Note that other codes may be present if you have a P0102. You may have misfire codes or O2 sensor codes, so it's important to take a "big picture" look at how the systems work together and effect each other when doing a diagnosis.
Read more at: P0102 Mass Airflow (MAF) Circuit High


A code P0113 may mean that one or more of the following has happened:

Internally failed IAT sensor
Faulty connection at IAT sensor
Open in IAT ground circuit or signal circuit
Short to voltage in IAT signal circuit or reference circuit IAT harness and/or wiring routed too close to high-voltage wiring (e.g. alternator, spark plug cables, etc.)
Faulty PCM (less likely but not impossible)
Read more at: OBD-II Trouble Code: P0113 Intake Air Temperature Circuit High Input


I would start by cleaning the MAF with MAF cleaner and blowing air on each of the connectors you had apart. Pull them apart and basically air dry them out. Those are pretty cheap and easy things to do.

Also because you have a few of the codes associated with a bad intake PCV, read this to see:
2011-2016 Cruze 1.4 PCV Valve Cover/Intake Manifold Issues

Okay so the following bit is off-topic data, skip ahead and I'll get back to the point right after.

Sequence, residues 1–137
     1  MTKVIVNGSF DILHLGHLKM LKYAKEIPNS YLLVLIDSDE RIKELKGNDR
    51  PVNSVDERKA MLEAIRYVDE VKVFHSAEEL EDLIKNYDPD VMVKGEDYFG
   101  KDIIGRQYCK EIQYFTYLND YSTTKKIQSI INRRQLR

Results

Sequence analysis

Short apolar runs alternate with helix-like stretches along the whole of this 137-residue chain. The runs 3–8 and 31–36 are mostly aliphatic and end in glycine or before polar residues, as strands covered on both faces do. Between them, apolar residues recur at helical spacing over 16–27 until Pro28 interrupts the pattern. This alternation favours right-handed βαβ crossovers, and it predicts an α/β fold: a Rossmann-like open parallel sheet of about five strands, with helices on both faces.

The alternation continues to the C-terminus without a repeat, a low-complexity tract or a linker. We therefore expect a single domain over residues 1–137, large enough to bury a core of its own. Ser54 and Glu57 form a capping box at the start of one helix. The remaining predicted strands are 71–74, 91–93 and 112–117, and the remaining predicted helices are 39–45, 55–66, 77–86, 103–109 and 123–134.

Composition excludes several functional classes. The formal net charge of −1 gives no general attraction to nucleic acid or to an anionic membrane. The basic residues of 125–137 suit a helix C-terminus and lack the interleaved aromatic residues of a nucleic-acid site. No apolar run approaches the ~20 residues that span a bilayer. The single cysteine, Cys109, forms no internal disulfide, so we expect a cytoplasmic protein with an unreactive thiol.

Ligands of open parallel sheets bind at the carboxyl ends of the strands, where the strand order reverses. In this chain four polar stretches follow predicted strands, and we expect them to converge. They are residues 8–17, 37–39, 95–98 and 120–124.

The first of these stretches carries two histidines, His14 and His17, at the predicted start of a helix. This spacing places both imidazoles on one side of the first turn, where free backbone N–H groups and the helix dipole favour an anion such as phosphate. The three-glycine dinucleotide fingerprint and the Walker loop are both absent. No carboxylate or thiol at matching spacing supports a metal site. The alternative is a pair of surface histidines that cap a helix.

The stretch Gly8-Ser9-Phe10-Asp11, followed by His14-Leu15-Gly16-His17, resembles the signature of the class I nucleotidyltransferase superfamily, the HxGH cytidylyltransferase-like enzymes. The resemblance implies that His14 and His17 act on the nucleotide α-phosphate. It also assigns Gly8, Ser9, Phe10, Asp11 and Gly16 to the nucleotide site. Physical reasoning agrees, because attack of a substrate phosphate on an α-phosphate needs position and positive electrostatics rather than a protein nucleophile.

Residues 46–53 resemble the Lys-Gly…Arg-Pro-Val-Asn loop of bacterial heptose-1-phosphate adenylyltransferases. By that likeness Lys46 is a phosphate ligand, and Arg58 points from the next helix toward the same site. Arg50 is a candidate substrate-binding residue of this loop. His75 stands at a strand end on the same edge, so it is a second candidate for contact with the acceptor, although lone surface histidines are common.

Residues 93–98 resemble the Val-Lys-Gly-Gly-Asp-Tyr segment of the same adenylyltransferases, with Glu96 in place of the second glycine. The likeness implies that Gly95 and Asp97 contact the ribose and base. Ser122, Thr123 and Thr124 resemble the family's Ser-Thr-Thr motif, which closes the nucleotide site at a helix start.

I just saw this today, thank you for this additional information. I will attack the MAF first and follow on with everything else. I'll keep everyone posted on the outcomes.

By the way, I included my concern about the Turbo Charger because the auto repair shop I normally take my 2000 Chevy Blazer to had mentioned it to me initially when I talked to him about the lack of power. We had it replaced once before but when this all started happening the 5 year warranty had expired by a couple months. I wasn't thinking about the other codes until I bought a reader and actually read up on the codes presented. I do know the filters need replaced, both inside and outside, and Jiffy Lube informed me about them. I had them here in my garage to replace but forgot about them until this all started happening. I just haven't replaced them yet because everything happening with this car seemed bigger than the air filters.

Thanks again
Al Davenport